Toolmakers already have felt the sting of a soft year in the automotive industry.
Several mold shops say they have resorted to lowering tooling prices on automotive contracts to get more work into their plants. Others have offered cash rebates after the tool is shipped to attract a dwindling pool of business.
Those desperation measures are needed, according to Ron Beneteau, marketing and business development director of toolmaker Reko International Group Inc. in Oldcastle, Ontario. Business must flow to pay bills for expensive capital equipment and keep skilled workers employed, he said.
'There's little work out there, and prices are way down,' Beneteau said. 'We're just trying to keep enough work to ride out the storm. But it can be famine and then total feast, and we don't want to be caught with not enough actual capacity.'
The sharp downturn in automotive business began about six months ago, said Gerald Hobson, president of Hobson Mould Works Inc. of Shell Rock, Iowa. The drop is the worst he had seen in eight years, since the last close presidential election.
'I don't know if any of that is related,' Hobson said. 'But the (automakers) are not selling as many cars as they used to, and the year-end profits aren't so good. Some of them think they can save money by not paying toolmakers or waiting to order molds until next year.'
For toolmakers, the lack of business comes primarily from a dearth of new or updated vehicles coming onto the market.
The industry has been slow to release new models this year, Beneteau said. The soft economy, rising gasoline prices and the lack of consumer confidence in an election year could be partly to blame.
While Reko has not laid off workers, the company has gotten a bit smaller through attrition. Other toolmakers, including Paragon Die and Engineering Co. in Grand Rapids, Mich., also were reluctant to lay off workers. Demand for skilled toolmakers has grown, with many mold shops experiencing worker shortages, said Paragon President Dan Hess. During this slowdown, the company has made a stronger effort to train employees and market itself aggressively instead of downsizing, he said.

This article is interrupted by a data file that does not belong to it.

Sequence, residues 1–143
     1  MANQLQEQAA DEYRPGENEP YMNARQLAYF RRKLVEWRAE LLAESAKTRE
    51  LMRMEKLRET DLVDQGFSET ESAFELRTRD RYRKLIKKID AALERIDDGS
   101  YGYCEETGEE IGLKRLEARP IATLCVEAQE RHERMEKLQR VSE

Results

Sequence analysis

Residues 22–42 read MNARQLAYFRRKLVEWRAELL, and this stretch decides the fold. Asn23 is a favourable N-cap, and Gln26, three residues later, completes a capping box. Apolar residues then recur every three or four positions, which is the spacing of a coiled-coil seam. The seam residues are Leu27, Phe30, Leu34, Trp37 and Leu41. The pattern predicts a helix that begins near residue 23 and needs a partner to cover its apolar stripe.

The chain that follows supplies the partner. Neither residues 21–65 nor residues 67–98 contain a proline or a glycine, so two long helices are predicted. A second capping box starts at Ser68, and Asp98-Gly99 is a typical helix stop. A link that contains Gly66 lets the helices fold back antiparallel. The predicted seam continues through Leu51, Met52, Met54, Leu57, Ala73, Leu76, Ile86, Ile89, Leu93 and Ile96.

'You do all you can to keep people,' Hess said. 'In today's competitive world, good workers don't just walk (in) off the streets.'
Hess, an automotive veteran who was a top executive at parts supplier Mexican Industries Inc. and other companies, said the industry is nearing the bottom of a cycle.
Historically, vehicle sales hit their peak before heading into a short downturn that can last four or five years, he said. He expected a new cycle of stronger sales to start soon.
However, offshore competition has made life more difficult for toolmakers during this down time, he said. And with slowing sales, customers have delayed payments to toolmakers beyond 120 days, a situation that leaves many shops vulnerable.
'The downturn is a mixed blessing,' he said. 'On the one hand, it causes our customers to think about how to invest in new tooling and how to pay for it. On the other hand, from a historical perspective, it usually is a precursor to a fairly dramatic upturn with new models in showrooms.'
Before that happens, toolmakers are bracing for another industry shakeout, said Hobson, a former president of the American Mold Builders Association.
'Tooling doesn't have a lot of profit margin now,' Hobson said. 'A long dry spell has really eaten into cash.'
But the good news for the industry is that a cash crunch also means that automakers might be looking to plastics for new models.
'When times get tough, people go to plastics,' Hobson said. 'You've got to have new models. And plastic is quicker, faster, cheaper and lighter (than metal).'